Product Review: Hanson Cigno ST Guitar
By: Bob Cianci
Hanson Guitars of Chicago is a relatively new name in the world of mid-priced guitars, but their decidedly retro instruments have gotten good reviews, and have attracted well known endorsers such as Alejandro Escovedo, Paul Cotton, Pat Sansone, Charlie Sexton, Ivan Julian and others.
The Cigno’s body shape recalls those kitschy Italian guitars of the ‘60s (minus their gaudy plastic covered bodies), with a solid mahogany body, a ‘60s style Gibson set neck with a raised volute, a rosewood fingerboard with pearl block markers, a 24.75 scale, medium jumbo frets, three custom wound Hanson P-90 soapbar pickups, a Tone Pros Tune-o-matic fixed bridge assembly, Tone Pros licensed tailpiece, enclosed full size chrome Schaller style tuners, and a licensed Bigsby trem. The gold “plexi” pickguard is painted underneath and features a stylized Hanson logo on the top left. Both the body and neck are bound with a cream colored binding, and the headstock has a shape that’s vaguely similar to the old Japanese Teisco electrics of the ‘60’s.
The controls are a master volume, master tone, and a five-way pickup selector switch that allow versatile and useful tonal combinations as follows:
Position #1-Bridge; #2-Bridge & Middle; #3-Bridge & Neck; #4-Middle & Neck; #5-Neck.
Available finishes are limited to black and translucent burgundy that looks very much like Gibson’s veritable Heritage Cherry.
While I was inspecting the Cigno, the red flag words, “Crafted in Indonesia,” caught my attention, and gave me grievous mental images of those low grade Squier Stratocasters that are priced for beginners. Fortunately, after I played the Cigno, all fears of cheapness were laid to rest. This is a good sounding, good playing, quality built guitar.
Before I plugged the Cigno in, I strapped it on and played it acoustically. The guitar is superbly balanced; no neck dive at all, and the neck and body exhibited adequate natural resonance after my tap test. It felt well made and solidly built, and would hold up nicely for years under the most strenuous gigging conditions.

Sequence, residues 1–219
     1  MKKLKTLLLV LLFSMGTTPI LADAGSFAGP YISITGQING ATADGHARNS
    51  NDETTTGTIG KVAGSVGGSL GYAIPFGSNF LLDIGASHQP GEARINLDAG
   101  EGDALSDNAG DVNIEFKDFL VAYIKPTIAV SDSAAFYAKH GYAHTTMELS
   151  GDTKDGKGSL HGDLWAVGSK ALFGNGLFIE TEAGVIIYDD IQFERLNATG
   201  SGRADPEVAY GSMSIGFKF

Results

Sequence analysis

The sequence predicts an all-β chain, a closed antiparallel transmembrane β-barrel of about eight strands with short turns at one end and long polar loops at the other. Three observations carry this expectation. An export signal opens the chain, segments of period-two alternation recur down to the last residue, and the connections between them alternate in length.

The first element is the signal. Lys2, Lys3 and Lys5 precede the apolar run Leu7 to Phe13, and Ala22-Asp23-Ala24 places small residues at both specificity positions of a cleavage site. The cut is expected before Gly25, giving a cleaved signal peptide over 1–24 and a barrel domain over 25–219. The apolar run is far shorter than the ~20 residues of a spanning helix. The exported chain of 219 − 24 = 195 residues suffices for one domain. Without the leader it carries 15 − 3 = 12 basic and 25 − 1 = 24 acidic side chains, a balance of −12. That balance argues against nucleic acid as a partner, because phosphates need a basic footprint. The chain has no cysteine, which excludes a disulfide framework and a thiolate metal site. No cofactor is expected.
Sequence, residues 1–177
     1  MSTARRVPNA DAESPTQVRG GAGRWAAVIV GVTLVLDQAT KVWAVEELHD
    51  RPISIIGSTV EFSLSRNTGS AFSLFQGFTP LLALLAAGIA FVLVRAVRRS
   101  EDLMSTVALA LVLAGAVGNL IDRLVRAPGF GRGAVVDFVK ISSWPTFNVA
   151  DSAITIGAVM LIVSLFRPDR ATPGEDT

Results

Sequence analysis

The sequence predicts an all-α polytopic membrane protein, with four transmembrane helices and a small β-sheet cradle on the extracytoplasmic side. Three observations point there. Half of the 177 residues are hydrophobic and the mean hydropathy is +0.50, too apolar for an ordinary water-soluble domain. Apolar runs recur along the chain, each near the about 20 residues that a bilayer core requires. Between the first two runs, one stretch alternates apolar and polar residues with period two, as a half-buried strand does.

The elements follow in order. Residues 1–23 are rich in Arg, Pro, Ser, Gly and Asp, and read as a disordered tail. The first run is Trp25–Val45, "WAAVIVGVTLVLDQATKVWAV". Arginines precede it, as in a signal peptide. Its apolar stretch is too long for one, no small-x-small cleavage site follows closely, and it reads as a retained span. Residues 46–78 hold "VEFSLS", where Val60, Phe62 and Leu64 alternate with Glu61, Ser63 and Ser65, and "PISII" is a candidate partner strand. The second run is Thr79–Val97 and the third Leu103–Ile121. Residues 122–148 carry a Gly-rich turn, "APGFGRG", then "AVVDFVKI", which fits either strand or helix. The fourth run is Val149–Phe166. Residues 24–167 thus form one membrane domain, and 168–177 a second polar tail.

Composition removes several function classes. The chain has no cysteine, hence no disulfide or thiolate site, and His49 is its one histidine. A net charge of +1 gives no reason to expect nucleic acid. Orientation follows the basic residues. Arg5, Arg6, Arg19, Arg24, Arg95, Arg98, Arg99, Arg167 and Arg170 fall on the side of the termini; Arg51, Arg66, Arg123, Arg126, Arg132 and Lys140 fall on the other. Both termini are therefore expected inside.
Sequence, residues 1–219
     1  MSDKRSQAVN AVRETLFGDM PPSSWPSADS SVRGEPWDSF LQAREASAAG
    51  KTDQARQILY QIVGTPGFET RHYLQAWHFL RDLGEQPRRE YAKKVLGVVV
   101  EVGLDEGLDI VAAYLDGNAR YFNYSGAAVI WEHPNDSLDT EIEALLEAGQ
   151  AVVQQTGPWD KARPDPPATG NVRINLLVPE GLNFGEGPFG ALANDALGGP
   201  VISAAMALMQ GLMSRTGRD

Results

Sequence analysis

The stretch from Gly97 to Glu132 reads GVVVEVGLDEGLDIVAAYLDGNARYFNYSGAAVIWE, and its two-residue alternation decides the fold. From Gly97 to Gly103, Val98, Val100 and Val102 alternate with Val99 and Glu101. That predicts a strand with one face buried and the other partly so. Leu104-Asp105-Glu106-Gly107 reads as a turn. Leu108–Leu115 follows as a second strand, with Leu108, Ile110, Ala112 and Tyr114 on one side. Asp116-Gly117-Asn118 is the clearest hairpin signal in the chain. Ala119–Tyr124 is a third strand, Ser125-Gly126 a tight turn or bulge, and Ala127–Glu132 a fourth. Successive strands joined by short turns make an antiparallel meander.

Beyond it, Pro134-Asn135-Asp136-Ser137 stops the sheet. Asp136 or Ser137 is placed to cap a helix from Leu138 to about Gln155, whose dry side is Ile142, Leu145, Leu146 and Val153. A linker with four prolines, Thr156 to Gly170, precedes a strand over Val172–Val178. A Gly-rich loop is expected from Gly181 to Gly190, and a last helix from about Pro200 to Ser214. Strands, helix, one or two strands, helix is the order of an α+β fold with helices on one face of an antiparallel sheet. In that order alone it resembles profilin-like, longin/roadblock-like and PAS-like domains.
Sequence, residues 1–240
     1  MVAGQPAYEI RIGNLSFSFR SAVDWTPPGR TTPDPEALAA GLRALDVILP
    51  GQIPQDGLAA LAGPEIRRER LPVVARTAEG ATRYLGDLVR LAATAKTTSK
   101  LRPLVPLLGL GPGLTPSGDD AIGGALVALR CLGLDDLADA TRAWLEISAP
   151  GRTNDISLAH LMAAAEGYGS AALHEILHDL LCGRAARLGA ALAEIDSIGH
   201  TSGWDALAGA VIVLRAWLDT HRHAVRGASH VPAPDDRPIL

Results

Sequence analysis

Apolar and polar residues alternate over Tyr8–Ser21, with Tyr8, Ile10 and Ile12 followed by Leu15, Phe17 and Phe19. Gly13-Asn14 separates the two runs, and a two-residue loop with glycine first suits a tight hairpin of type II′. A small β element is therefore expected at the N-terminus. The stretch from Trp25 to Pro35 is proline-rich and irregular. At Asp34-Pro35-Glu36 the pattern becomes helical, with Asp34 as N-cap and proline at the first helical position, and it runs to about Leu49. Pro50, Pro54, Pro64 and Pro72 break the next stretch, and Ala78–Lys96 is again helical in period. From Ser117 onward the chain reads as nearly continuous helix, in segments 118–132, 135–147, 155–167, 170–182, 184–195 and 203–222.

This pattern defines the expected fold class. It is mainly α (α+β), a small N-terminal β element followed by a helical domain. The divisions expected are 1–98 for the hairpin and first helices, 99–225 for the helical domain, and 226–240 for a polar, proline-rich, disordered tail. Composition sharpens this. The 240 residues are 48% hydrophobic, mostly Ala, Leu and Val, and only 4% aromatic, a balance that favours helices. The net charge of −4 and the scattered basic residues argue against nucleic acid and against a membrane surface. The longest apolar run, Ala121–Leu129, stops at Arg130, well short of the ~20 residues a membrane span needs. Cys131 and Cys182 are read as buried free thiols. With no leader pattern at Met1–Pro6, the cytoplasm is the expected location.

Again, before plugging it in, I did my infamous “whammy test” to see how well it would stay in tune. The “whammy test” involves violent and extreme pushes and pulls on the trem bar, a la Jimi Hendrix. As expected, the strings did not return to proper pitch, but after awhile, the Bigsby and the new D’Addario strings settled down, and I was able to effectively use the trem without too much trouble. Hanson owner John Pirrucello told me that a little WD-40 on the nut should remedy any tuning issues. As this was a loaner, I decided to take him at his word as not to dirty the nut.
The fretwork was clean and well done. No issues at all.
After plugging the Cigno into my stock Fender Hot Rod Deluxe and running through the various tonal combinations, I realized this is a very versatile instrument, capable of handling just about any style of music with ease. Every pickup combination yielded useful sounds whether played through the clean channel or with overdrive. The Bridge position alone was the most satisfactory for soloing, and the Bridge & Neck served well as a rhythm setting, but you will have your own favorites. You can compare the Cigno’s three- pickup configuration to a Stratocaster, but what you get is true P-90 tone; clean at lower volumes and grind at higher settings. According to John Pirrucello, the sound he was after was that of an old Les Paul Junior he liked, and I believe he has achieved that with his custom-wound P-90 pickups.
Because I am not used to guitars equipped with three P-90s (or humbuckers for that matter), I found myself hitting the middle pickup often with my pick, but that’s not the guitar’s fault-it’s mine-and I would need to work on my picking technique to overcome this problem. But, this could also be an issue for other players who are not used to a middle pickup.
The Cigno and all other Hanson guitars are sold through a modest but growing dealer network, and are also available directly from Hanson. The Cigno lists at $675, and comes with a substantial, well padded gig bag. All Hanson guitars are tested, adjusted, and set up to exacting standards before they leave the shop.
To find out more about the Cigno and Hanson, log onto their website, www.hansonguitars.com.